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The Actuary The magazine of the Institute & Faculty of Actuaries
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Lifelong learning

Clifford Friend,the IFoA’s director of education, talks to Richard Purcell about preparing the next generation of actuaries for the future, and supporting experienced fellows in their ongoing learning

06 OCTOBER 2016 | RICHARD PURCELL

Clifford Friend

I was pleasantly surprised by the level of passion and commitment to serve the public interest

On a bright summer’s morning, it seems fitting that I meet Clifford Friend at Staple Inn Hall, a place where many fellows will have received their actuarial qualification. We quickly get down to discussing what the amiable and assured director of education’s first impressions of actuaries were, having only joined the IFoA earlier this year. “I was pleasantly surprised by the level of passion and commitment to serve the public interest,” he says, adding: “I was also struck by the relatively small number of professionals around the world that have created a real global community to support each other.”


However, joining the IFoA was, in fact, a natural progression for Friend. After completing an engineering degree, an academic career followed in materials and product engineering. He then went on to become a professor and acting vice-chancellor of Cranfield University. Interestingly, his work has also had a strong link to the commercial world, whether it be working on consumer products or in aerospace. “It was almost like working in the private sector.”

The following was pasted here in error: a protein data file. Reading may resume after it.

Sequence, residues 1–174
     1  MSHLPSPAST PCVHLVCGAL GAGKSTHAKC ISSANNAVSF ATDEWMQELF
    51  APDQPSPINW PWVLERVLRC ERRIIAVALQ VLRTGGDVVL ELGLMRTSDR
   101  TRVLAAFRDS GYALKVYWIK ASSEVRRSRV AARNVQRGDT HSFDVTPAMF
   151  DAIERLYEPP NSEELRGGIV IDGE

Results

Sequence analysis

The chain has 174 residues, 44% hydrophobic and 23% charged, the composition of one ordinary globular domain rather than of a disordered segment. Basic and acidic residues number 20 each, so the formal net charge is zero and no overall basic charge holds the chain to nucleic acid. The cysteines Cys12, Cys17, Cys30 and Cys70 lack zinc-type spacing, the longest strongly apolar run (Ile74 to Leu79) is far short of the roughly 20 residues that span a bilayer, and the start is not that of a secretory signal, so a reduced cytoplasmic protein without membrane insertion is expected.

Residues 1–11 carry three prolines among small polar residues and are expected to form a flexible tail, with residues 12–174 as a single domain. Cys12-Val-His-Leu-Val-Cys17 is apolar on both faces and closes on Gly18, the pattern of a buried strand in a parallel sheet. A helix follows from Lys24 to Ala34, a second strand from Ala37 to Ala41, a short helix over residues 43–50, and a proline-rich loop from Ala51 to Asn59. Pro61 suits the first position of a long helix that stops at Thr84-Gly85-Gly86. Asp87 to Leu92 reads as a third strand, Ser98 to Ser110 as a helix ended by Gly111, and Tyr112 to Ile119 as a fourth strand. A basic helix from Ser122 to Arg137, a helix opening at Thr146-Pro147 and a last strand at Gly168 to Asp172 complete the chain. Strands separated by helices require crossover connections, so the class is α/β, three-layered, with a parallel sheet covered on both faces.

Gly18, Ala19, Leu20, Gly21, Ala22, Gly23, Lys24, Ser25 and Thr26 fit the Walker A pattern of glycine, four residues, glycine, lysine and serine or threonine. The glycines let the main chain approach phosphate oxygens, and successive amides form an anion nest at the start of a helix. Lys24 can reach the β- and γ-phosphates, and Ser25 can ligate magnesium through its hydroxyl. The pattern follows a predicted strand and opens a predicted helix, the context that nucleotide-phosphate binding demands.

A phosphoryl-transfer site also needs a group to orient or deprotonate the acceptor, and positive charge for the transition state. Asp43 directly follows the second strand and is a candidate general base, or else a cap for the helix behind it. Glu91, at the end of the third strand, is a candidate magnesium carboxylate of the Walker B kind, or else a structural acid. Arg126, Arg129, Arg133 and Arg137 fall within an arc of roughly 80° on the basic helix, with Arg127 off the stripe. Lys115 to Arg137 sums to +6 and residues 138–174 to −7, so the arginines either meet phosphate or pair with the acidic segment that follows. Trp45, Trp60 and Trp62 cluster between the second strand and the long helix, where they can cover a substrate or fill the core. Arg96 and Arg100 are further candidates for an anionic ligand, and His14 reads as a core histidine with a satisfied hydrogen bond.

This focus on ‘the real world’ meant he has continued to foster strong links within the business community and was until recently an elected council member of the Confederation of British Industry (CBI).

He later made the switch into professional education, first running an educational offering at a military defence academy, followed by a period in executive education, becoming chairman of one of the UK’s largest university-based executive development companies. As Friend says: “There are great parallels with the IFoA, both seeking to deliver high-quality education to learned professionals in a business setting.”

In describing his role at the IFoA, he outlines his main priorities: “The curriculum review has been in place for the past two years, so now part of my role is to bring everything together and implement this. The other part is to look at the longer term and how the profession can support members as the work of actuaries changes.”


Curriculum change

We move on to discuss the changes to the curriculum in more detail, and what this will mean for students. On the objectives of the upcoming changes, Friend says: “We need to prepare members for the future and to ensure they can compete.” But he is adamant it is not just about doing a review every 10 years: “We need to continuously review and improve the curriculum.” 

Having had feedback from a range of stakeholders, including students, employers, the International Actuarial Association and education delivery companies, Friend explains that one of the themes will be equipping students better for the initial parts of their career. For example, giving students some exposure to the growing field of data analytics. “There are other bodies that can help people become skilled in this field, but they will have less knowledge of how it fits into the world. But context is how we add value. This is where actuaries can help, and while actuaries can work with other partners who have more specialist skills, we also need to have an appreciation of the issues and the ability to work with other partners in multidisciplinary teams. That’s what we are hoping to provide students.”

I ask him what he thinks about the increasing use of online assessments. His response is that “online exams are about demonstrating competencies rather than knowledge. Written exams are fine for assessing technical knowledge, but assessing competencies in a written exam means things have to be simplified and paired down”. He admits, however, that: “Online exams can actually be much closer in scale and nature to what someone might do in the real world. This is important if we want to have a gold standard in competency assessment.” He also accepts that online assessments can help us improve reach, adding: “We need to ensure people have access to the web, and we are also making sure the security and reliability of such systems are robust.”